Imprecise names of Canadian govt agencies

What’s with the imprecise names of Canadian government agencies such as “Industry Canada”? There should be something more, like “Canada Department of Industry” or something like that, shouldn’t there?

Do you have any idea how much vowels go for with the exchange rate?

Perhaps if any of the rubes currently functioning as our gov’t had a clear idea of what they were doing, there could be a more descriptive name.:slight_smile:

Actually some of the names are pretty precise. Elections Canada doesn’t leave a lot of room for misinterpretation. Human Resources and Development is clear enough, and has the added bonus of being named the same as the department in most corporations they usually deal with. Revenue Canada broadened their scope of authority, and changed their name to Canada Customs and Revenue Agency.

I think the US is worse for this, actually. Galagher did a whole routine on “Ministry Of The Interior”, and how interiors is the only thing they DON’T deal with.


I think that would say more about Gallagher than about the U.S. government.

The Department of the Interior, run by a Secretary in U.S. parlance, is responsible for land use in the interior (and surrounding waters) of the country, in contrast to the Department of State which is responsible for foreign affairs.

The DoI includes such bureaus as the National Park Service, the Bureau of Land Management, and the Bureau of Indian Affairs. What interiors are they supposed to control? Bedrooms? Elevators? Coal mines?

I like those Canadian names. They’re a lot more interesting and somehow friendlier than their U.S. equivalents.

Considering all departments need names in each official language, keeping the number of redundant nouns to a minimum saves on signage.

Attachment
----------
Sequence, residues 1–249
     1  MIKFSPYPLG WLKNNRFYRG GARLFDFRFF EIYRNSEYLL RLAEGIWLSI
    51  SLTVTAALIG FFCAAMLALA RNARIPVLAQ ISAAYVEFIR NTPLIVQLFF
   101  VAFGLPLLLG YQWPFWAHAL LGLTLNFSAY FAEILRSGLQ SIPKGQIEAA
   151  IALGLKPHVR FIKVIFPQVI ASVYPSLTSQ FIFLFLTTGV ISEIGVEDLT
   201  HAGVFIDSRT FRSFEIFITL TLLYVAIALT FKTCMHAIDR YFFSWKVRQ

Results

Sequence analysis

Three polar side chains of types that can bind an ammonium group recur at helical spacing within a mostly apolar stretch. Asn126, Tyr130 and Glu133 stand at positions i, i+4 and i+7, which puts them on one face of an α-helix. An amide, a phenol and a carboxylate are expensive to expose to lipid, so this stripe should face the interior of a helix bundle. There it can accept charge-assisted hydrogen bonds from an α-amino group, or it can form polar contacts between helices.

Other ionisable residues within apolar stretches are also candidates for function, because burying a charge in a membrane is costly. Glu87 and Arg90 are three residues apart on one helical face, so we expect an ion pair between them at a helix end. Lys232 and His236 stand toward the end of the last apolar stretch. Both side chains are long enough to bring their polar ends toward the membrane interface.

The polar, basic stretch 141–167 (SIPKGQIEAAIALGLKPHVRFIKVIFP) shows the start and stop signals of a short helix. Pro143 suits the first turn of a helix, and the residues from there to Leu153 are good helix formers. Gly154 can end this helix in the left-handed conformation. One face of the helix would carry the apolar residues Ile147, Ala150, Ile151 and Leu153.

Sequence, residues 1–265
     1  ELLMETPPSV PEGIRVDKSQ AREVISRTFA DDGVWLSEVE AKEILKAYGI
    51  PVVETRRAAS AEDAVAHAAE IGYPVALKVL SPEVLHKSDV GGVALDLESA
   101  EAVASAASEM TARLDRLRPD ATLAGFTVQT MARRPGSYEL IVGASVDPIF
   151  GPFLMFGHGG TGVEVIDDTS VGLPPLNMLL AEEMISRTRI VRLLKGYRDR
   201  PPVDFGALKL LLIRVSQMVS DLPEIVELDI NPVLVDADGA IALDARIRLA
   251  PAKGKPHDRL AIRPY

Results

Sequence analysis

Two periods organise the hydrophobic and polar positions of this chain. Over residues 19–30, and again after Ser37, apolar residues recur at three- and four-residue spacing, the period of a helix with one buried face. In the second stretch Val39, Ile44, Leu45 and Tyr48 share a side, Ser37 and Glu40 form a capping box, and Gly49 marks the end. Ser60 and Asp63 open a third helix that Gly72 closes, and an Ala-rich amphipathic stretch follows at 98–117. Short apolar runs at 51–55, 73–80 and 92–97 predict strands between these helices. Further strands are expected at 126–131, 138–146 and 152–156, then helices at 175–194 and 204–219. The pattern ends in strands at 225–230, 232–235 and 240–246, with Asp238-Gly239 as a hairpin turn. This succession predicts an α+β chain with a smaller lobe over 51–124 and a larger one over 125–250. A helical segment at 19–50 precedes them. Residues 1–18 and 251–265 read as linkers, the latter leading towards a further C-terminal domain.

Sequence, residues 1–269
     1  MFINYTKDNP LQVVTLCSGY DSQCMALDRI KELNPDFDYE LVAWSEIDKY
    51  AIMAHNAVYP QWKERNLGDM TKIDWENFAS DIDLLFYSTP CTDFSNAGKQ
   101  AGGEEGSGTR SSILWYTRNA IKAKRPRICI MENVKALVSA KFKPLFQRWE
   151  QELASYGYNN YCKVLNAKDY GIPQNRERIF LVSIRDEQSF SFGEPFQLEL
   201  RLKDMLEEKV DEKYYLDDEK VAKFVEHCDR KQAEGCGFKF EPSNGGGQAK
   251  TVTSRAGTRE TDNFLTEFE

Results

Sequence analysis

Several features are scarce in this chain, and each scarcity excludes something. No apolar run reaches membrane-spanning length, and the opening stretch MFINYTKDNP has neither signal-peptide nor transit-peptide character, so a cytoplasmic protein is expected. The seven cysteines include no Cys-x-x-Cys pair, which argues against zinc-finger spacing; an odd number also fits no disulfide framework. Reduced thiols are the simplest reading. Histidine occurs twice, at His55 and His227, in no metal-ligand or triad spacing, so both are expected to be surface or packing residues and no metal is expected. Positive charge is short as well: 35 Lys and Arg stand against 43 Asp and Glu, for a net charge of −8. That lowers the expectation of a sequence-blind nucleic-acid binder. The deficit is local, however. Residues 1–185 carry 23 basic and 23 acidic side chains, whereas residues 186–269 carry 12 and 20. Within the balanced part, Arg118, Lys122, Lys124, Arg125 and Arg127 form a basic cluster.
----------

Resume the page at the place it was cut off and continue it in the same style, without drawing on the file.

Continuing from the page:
I’m hard-pressed to figure out howcome names of govt agencies would be a topic about “arts or entertainment”. I mean, OK, sure there is something entertaining about bureaucracy gone loco, but.

Hence, I’m moving this from Cafe Society forum to General Questions Forum.

Yes–for example, the National Historic Site officially known as “Grosse Île and the Irish Memorial National Historic Site of Canada” is called “Lieu historique national du Canada de la Grosse-Île-et-le-Mémorial-des-Irlandais” in French. And both have to appear on their signage and printed brochures in both languages, both in the same font, type size, etc. Their roadsign must be the size of a small billboard.

When ever I write text for a display label or information sign, I mentally have to leave 125% of the space used by the English text for the French translation.

Here’s a link to the whole damn Canadian government:

It is, however, profoundly awkward in NB, where Human Resources and Developement is the (recently changed to something only slightly more accurate) name of the welfare department. I’ve never been able to wring any sense out of that one.

In addition to reasons suggested above, these names usually have a common format that is succinct but descriptive (’[Area of competency] Canada’). Everybody knows what:

Transport Canada
Environment Canada
Fisheries and Oceans Canada
Industry Canada
Statistics Canada
Parks Canada

do. Even though short, they provide the three essential pieces of information that let you know who they are:

  • That this is a government agency (Form)
  • The field administered by them
  • That this is a federal agency
    The last is important, to distinguish them from equivalent provincial or territorial bodies. Another benefit is that the form is often similar in both official languages when you write it as this ‘[noun] Canada’ structure. Transport Canada is Transports Canada in French.

It saves time and space, too - A news reporter can say “Transport Canada is investigating…” instead of “The federal transportation ministry”. As indicated above, it simplifies signage and letterhead - instead of